Brethren, we have met to worship and adore the Lord our God;
Will you pray with all your power, while we try to preach the Word?
All is vain unless the Spirit of the Holy One comes down;
Brethren, pray, and holy manna will be showered all around.

Brethren, see poor sinners round you slumbering on the brink of woe;
Death is coming, hell is moving, can you bear to let them go?
See our fathers and our mothers, and our children sinking down;
Brethren, pray and holy manna will be showered all around.

Sisters, will you join and help us? Moses’ sister aided him;
Will you help the trembling mourners who are struggling hard with sin?
Tell them all about the Savior, tell them that He will be found;
Sisters, pray, and holy manna will be showered all around.

Is there here a trembling jailer, seeking grace, and filled with tears?
Is there here a weeping Mary, pouring forth a flood of tears?
Brethren, join your cries to help them; sisters, let your prayers abound;
Pray, Oh pray that holy manna may be scattered all around.

Let us love our God supremely, let us love each other, too;
Let us love and pray for sinners, till our God makes all things new.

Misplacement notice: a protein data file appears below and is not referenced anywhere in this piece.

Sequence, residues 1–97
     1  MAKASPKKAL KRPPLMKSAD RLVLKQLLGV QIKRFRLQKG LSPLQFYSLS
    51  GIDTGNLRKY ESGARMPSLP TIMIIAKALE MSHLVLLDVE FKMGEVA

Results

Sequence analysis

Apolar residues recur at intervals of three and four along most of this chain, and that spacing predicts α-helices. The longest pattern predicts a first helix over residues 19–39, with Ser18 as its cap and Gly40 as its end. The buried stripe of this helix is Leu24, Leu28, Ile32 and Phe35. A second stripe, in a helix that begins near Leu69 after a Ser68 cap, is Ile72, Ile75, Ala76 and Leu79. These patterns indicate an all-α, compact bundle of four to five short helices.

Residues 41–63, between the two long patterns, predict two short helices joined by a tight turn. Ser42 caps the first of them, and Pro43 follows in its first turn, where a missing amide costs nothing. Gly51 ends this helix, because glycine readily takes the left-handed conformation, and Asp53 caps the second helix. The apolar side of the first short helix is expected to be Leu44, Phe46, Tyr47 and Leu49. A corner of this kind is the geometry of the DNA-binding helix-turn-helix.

Then He’ll call us home to Heaven, at His table we’ll sit down;
Christ will gird Himself and serve us with sweet manna all around.

uncle

Isn’t that what you say when you give in?

I miss my students and our adventures and conversations in my office. I miss their ridiculous questions and watching them find a solution.

Today, I’m headed out to Colorado (again) to pick up one of those students who will spend thanksgiving with my family. As jump-up-an-down excited as I am, I woke up this morning and gave in: I miss them.

 

let LOVe fly like cRaZy

On Loving God

Honestly, my knees wish I was writing, “On loving icy hot…” but I resist (so if you have any pointers for fooling your body into feeling younger LET ME KNOW! Apparently 20 minutes w/0 heels and a large glass of orange juice is not the cure).

Instead, I’ve got this quote on my brain,

“Why should not the creature love his Creator, who gave him the power to love? Why should he not love Him with all his being, since it is by His gift alone that He can do anything that is good? It was God’s creative grace that out of nothingness raised us to the dignity of manhood; and from this appears our duty to love Him, and the justice of His claim to that love.”
– St. Bernard of Clairvaux

Must we always ask and rebel and shake our fists when we are struck by humanity’s brokenness? I love the words, “Why should not…”

I love that these words invite me to think of all the reasons I shouldn’t … and that I come up with nothing. We must start here, at God’s creative grace that raised us to the dignity of manhood, if we are ever going to end up talking about justice and injustice – if we are going to talk about our delight and duty to love Him. We must begin with the question, “Why should not the creature love his Creator, who gave Him the power to love?”

Well, I may just have to leave it there to rest, before I start making applications about the cookies that just came out of the oven and how they should love me because I created them.

let LOVE fly like cRaZy